Dairy Queen: Frozen Treats For All
Can you imagine the time when no soft-serve ice cream was available? That’s exactly how it was in the world of desserts before World War II. Back then, a known ice cream maker, J.F. McCullough envisioned an ice cream treat that would not have to reach consumers in a frozen solid block form. This resulted in the birth of Dairy Queen. Its first ever location was established in 1940 in Joliet, Illinois. At first, the store only offered vanilla ice cream that flowed like a white ribbon into sundae cups and cones. Then came the quarts and pints for takeout. More items that played the same theme were introduced to consumers over the years. These include ice cream cakes, Dilly Bars, banana splits, and the very popular Peanut Buster Parfait.
Four years after the establishment of its first store, Mr. McCullough realized that the business has the potential to become a popular commodity, even amidst military conflicts, so 10 years after it was founded, almost all existing Dairy Queen branches included hot food items in their menu like hotdogs and hamburgers. Today, numerous aspiring entrepreneurs are looking forward to investing in a Dairy Queen franchise.
Dairy Queen Franchise Review
You can find Dairy Queen franchise locations in almost every major city in the US, as well as in several other countries. As of 2008, there are about 4,500 Dairy Queen franchises in the country; about 600 branches in Canada; and more than 450 locations overseas, particularly in Asia. A franchisee is provided with three weeks training at the company’s main office in Minneapolis and a two-week assistance program from the parent company before and after the store opens. All franchise owners are given the privilege to access a buying co-op that allows them to buy supplies and equipment at lower prices.
The company also calls for regular regional meetings among its franchisees. On top of that, the company provides continuous evaluations to the areas’ field management offices, and regular upgrades of trainings to all new assistants or managers. The company’s national media campaign frequently receives awards for its remarkable promotional methods. In addition, franchisees also have the advantage of signing up for the parent company’s co-op advertising that covers direct-mail coupons and other strategies. It generally takes 20 to 40 employees to run and operate one franchise branch, as suggested by the parent company.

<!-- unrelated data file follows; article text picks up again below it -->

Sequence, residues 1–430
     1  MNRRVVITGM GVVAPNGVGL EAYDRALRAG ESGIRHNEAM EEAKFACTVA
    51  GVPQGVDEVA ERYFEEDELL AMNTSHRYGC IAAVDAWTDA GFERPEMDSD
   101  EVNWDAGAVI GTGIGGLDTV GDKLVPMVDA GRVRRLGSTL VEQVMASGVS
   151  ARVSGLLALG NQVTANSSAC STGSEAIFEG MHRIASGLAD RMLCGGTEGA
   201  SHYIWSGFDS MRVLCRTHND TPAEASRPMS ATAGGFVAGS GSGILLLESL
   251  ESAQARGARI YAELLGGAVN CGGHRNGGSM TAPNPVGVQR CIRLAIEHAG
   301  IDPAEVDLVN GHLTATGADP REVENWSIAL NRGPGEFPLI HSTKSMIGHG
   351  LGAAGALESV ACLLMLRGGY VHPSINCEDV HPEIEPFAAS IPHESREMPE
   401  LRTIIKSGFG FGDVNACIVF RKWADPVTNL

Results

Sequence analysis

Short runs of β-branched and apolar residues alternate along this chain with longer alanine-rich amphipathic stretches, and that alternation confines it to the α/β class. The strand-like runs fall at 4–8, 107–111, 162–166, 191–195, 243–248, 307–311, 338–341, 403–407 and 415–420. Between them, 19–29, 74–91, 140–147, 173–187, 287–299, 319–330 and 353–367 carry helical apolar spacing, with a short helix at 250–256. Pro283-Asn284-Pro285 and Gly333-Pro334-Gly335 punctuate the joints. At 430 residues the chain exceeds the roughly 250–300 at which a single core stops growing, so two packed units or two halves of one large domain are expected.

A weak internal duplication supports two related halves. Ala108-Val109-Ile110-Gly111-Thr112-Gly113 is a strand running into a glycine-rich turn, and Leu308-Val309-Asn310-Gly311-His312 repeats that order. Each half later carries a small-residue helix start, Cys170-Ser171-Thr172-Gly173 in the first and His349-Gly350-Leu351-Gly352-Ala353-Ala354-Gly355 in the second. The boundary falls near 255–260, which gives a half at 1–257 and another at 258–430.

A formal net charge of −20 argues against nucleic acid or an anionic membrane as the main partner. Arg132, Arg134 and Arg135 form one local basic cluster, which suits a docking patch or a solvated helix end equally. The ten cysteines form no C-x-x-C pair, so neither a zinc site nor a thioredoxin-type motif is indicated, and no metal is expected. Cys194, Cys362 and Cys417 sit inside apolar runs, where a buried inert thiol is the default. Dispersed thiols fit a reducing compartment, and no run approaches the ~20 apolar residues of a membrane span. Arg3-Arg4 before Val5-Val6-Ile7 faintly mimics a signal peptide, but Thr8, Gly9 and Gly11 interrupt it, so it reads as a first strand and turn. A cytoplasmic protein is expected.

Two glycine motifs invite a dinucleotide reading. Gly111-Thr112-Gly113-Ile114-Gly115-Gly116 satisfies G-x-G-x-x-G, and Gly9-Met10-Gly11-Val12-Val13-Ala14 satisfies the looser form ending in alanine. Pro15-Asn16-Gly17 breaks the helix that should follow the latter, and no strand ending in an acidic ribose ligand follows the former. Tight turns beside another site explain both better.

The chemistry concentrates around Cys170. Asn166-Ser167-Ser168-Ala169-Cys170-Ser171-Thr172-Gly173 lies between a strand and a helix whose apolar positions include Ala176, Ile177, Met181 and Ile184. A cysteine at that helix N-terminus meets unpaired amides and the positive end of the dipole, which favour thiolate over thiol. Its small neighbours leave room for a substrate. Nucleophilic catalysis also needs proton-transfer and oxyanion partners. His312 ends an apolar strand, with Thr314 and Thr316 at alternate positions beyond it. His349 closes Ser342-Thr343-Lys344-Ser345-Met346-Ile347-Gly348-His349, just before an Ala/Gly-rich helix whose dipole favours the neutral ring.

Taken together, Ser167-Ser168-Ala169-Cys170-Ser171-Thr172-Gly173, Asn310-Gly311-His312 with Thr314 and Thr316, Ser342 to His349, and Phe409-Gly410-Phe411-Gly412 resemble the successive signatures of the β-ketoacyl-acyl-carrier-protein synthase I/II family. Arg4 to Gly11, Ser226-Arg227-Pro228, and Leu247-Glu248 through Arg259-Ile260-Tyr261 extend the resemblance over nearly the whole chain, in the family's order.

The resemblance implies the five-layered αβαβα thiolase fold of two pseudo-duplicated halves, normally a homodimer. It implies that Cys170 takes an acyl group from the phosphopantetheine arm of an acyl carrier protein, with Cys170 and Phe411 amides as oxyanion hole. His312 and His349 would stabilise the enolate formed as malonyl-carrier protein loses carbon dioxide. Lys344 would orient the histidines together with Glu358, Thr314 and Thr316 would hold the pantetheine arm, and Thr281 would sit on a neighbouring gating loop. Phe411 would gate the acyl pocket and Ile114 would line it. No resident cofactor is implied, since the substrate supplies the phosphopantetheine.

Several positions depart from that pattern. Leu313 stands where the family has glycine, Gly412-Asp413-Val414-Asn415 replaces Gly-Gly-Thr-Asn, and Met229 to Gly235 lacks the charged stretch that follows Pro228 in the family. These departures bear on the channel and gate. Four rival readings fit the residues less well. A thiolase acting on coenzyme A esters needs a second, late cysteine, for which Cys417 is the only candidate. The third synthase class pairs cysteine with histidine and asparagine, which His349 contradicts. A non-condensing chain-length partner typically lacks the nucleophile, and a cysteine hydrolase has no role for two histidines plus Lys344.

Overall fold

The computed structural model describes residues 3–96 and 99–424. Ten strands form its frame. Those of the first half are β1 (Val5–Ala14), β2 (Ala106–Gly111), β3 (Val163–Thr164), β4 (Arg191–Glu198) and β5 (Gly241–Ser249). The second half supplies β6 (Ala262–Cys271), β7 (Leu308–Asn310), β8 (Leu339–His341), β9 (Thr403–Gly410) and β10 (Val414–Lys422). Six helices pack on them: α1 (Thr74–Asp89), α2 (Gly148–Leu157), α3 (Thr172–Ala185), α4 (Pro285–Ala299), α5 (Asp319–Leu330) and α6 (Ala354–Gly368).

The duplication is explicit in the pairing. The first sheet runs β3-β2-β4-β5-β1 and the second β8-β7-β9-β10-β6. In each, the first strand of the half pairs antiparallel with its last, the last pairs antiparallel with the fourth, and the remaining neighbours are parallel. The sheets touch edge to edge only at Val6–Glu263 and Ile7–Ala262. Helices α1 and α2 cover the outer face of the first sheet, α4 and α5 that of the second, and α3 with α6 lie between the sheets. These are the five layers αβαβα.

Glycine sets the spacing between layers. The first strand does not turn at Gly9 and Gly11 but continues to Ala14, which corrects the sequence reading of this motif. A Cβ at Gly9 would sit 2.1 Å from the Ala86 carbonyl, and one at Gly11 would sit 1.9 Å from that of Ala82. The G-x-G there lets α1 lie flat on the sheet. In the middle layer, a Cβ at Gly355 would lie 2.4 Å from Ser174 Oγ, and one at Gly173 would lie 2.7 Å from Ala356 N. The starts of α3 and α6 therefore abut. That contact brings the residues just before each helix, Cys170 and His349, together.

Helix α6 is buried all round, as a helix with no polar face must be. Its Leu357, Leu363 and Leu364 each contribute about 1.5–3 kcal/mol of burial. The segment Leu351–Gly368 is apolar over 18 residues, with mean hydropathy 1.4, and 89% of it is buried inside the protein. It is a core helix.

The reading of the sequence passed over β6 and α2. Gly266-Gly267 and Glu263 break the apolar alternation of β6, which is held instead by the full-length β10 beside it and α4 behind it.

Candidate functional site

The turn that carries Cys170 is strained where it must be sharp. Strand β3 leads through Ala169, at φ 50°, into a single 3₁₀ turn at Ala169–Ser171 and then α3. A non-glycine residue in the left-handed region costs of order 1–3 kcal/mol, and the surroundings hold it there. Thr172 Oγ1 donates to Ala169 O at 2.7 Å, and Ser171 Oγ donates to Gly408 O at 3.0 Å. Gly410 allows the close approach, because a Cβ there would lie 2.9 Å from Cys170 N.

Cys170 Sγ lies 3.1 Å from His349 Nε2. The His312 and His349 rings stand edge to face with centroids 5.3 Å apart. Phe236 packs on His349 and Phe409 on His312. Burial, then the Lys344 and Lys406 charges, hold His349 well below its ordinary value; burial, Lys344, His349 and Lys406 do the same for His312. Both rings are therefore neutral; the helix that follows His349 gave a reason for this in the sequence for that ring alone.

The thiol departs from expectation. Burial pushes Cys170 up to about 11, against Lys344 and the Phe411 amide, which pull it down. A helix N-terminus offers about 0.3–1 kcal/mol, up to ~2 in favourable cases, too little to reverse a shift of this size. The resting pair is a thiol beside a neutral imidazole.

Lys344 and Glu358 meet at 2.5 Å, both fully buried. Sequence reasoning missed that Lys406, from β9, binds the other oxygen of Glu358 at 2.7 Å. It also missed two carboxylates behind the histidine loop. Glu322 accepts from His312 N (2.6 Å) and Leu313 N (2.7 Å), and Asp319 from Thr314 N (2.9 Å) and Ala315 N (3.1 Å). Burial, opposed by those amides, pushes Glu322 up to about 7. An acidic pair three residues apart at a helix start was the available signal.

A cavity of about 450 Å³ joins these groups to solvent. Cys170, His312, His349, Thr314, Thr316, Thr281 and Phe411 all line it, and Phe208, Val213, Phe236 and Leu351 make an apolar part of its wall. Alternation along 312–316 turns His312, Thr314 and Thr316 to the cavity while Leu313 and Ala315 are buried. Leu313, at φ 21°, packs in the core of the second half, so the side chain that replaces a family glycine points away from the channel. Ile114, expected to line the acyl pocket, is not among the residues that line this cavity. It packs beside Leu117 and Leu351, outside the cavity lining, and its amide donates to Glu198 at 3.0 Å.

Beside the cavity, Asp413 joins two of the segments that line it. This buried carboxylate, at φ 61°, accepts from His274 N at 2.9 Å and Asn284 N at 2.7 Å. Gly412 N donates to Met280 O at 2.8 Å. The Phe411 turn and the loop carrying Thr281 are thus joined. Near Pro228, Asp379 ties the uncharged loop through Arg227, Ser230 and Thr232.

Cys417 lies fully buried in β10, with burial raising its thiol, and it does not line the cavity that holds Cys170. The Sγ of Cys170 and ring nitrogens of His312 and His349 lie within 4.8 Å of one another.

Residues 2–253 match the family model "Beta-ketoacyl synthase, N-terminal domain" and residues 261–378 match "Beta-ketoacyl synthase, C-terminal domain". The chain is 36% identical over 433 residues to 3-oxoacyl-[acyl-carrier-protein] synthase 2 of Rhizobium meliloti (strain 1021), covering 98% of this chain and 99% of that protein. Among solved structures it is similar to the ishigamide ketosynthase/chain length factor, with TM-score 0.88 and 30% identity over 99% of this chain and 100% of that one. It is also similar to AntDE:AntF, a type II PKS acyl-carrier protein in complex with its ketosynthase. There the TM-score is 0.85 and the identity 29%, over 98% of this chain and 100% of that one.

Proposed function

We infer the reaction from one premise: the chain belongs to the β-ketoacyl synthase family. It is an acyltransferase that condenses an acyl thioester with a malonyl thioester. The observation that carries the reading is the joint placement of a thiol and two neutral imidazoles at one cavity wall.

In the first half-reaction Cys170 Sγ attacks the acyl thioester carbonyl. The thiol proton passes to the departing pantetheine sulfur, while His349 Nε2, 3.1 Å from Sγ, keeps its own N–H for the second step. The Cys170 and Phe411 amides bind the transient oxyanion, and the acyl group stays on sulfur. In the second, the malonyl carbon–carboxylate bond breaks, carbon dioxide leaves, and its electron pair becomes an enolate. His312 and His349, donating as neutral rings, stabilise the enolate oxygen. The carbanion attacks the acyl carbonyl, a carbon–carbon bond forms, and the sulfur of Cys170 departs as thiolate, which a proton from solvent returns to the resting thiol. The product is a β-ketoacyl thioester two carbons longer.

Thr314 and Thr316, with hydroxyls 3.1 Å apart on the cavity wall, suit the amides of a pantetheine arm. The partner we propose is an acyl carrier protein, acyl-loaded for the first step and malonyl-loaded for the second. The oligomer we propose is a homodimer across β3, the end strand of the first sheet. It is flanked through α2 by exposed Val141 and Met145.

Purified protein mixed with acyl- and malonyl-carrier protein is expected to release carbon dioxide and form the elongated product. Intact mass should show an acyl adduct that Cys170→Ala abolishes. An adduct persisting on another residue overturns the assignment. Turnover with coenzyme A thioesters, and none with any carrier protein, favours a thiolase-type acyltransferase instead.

More Dairy Queen Franchise Information
The upfront franchise fee when you buy a Dairy Queen franchise is $25,000. The franchise cost also includes an ongoing royalty fee. This is paid either on a monthly or on a quarterly basis and runs from four to six percent of a franchisee’s gross sales. Additional fees include 3-6% of a franchisee’s net sales as payment for promotion programs. These benefit all franchise owners respectively. For you to buy a franchise, you need to shell out $700,000 to $1.3 million total investment. As such, you need to have a net worth of not less than $750,000, with cash liquidity of $400,000.
The startup costs in the overall estimate already covers pre-opening inventory (minimum of $6,000), various equipment like cash register, signage, and ice cream makers (minimum of $280,000), and remodeling and construction of the building location, which can cost as much as $425,000. Furthermore, you also need to consider the costs to operate the business, which include the business license, insurance, taxes, attorney’s fees, and utilities. A Dairy Queen franchise agreement is generally set for 20 years. You have the option to renew the contract for another 10 years. This renewal fee can go as high as $2,500, but in 10 years, you would have earned millions of dollars from selling DQ Treats that $2,500 is merely a drop in the bucket.
Source by Brian Ernst